Appointed Secretary General of the CDU in 1998 Angela Merkel became Chair two years later taking over from Wolfgang Schäuble. Since then she has been re-elected successively to this post. She had to relinquish her bid to become Chancellor to Edmund Stoiber in the general election on 22nd September 2002 which was won by Gerhard Schröder. After the election Angela Merkel took over as opposition leader by becoming the Chair of the CDU/CSU Parliamentary Group in the Bundestag, the lower Chamber in Parliament. Candidate for her own party in the early general elections on 18th September 2005 she became the first woman and the first citizen of the former GDR to rise to the post of Chancellor. She was however forced to lead a grand coalition bringing together the CDU and the SPD.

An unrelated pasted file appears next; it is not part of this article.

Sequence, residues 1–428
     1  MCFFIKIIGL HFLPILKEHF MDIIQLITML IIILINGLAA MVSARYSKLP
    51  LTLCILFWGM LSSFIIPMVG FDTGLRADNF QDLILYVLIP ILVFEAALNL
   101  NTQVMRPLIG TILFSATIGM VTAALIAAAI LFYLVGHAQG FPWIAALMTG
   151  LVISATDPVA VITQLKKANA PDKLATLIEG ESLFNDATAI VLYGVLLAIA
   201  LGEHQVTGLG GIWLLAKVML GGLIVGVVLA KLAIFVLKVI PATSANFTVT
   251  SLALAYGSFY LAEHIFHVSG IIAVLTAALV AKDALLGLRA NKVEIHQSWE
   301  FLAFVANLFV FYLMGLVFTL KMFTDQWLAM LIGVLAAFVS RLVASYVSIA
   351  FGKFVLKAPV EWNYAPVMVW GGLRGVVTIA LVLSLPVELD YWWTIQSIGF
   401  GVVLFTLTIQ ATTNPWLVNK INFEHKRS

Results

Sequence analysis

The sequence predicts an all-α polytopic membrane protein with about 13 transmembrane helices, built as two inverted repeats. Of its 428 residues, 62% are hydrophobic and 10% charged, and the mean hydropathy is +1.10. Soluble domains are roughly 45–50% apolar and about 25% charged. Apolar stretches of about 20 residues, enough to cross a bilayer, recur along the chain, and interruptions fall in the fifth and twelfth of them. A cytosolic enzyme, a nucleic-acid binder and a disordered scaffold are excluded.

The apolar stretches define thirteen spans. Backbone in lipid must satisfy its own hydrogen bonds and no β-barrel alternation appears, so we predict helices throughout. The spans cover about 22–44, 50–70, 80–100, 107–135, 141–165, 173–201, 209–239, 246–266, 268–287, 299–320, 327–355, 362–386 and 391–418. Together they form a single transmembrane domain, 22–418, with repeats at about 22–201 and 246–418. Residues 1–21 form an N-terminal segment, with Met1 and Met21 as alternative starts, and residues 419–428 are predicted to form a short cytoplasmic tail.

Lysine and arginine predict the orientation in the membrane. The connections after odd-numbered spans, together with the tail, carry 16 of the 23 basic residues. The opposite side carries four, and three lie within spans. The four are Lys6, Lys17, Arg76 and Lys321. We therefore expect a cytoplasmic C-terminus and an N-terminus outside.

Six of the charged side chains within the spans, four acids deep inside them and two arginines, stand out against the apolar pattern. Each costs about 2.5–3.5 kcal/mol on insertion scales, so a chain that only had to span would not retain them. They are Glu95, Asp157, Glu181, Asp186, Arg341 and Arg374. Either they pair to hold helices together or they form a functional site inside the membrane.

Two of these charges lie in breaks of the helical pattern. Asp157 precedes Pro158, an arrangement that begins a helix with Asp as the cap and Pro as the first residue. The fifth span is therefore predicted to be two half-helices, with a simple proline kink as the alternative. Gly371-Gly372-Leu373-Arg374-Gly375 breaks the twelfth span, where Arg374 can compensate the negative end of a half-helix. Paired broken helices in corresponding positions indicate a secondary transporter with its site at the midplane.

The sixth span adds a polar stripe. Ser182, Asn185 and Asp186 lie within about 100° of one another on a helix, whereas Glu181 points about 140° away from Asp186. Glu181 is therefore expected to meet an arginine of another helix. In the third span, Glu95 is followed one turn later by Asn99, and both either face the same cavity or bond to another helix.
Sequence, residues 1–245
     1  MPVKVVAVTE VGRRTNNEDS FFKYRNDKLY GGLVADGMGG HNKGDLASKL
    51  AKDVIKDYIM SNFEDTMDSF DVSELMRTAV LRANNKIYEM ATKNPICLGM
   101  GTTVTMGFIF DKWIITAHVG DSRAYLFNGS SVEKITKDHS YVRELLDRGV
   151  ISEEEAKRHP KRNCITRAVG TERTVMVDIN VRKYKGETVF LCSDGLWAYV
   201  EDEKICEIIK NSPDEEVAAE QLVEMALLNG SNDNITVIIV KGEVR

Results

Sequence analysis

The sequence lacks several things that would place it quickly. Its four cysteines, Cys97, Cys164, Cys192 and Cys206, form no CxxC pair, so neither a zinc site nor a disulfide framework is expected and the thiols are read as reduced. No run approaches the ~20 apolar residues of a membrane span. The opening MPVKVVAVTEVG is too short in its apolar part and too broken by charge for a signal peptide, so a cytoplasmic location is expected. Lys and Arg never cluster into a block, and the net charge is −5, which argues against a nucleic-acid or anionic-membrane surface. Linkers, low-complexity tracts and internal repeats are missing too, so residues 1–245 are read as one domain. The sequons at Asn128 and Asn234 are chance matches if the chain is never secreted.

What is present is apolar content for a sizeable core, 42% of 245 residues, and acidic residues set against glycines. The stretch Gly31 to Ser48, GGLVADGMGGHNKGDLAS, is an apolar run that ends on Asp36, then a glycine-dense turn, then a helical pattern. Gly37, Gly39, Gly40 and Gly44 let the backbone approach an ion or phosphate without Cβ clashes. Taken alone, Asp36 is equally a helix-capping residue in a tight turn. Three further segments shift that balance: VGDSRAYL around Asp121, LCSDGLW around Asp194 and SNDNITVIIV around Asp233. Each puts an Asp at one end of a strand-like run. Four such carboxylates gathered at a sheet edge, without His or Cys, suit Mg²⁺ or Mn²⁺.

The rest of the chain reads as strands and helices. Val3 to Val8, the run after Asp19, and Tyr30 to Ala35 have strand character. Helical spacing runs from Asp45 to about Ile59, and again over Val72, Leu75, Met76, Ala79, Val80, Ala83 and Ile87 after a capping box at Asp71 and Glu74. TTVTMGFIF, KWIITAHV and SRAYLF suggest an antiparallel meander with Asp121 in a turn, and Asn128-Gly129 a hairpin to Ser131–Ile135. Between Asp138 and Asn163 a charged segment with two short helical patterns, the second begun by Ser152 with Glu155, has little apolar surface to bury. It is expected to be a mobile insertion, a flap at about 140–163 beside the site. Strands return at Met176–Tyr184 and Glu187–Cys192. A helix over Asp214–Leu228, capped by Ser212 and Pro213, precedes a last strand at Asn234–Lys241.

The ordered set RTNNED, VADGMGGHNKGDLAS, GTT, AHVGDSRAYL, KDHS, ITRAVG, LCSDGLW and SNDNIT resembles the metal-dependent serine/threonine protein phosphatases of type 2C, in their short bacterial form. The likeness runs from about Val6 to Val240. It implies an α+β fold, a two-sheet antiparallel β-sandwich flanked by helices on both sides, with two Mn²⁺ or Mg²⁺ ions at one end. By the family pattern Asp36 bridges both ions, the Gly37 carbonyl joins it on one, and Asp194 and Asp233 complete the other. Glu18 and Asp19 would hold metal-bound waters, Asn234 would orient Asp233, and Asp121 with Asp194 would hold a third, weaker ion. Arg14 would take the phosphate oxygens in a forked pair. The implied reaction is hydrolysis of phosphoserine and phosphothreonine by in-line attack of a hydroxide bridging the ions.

An atypical figure within the CDU the woman the Germans name Mutti (Mum), daughter of a Protestant pastor, divorced without children, has helped to modernise her party. Under her leadership the CDU has modernized and liberalized with regard to issues of society by granting status to homosexual couples and by adopting a more positive approach to immigration now described as a source of wealth for Germany. A woman of great simplicity and a way of life that is marked by sobriety and discretion – the woman Forbes magazine appointed four times running as the most powerful in the world - is still an enigmatic figure in the eyes of most of her countrymen who appreciate her competence, her sensible attitude and her reserve. "She doesn't like showing the cards she holds" says her biographer Gerd Langguth. "She embodies Germany, calm, unemotional, we are not Hollywood," stresses Inga Griese, a columnist in the daily Die Welt. On 27th September Angela Merkel, who was re-elected as head of the CDU last December with the highest result in 8 years, has therefore been re-elected as Head of Germany which she is due to govern for the next four years with the FDP.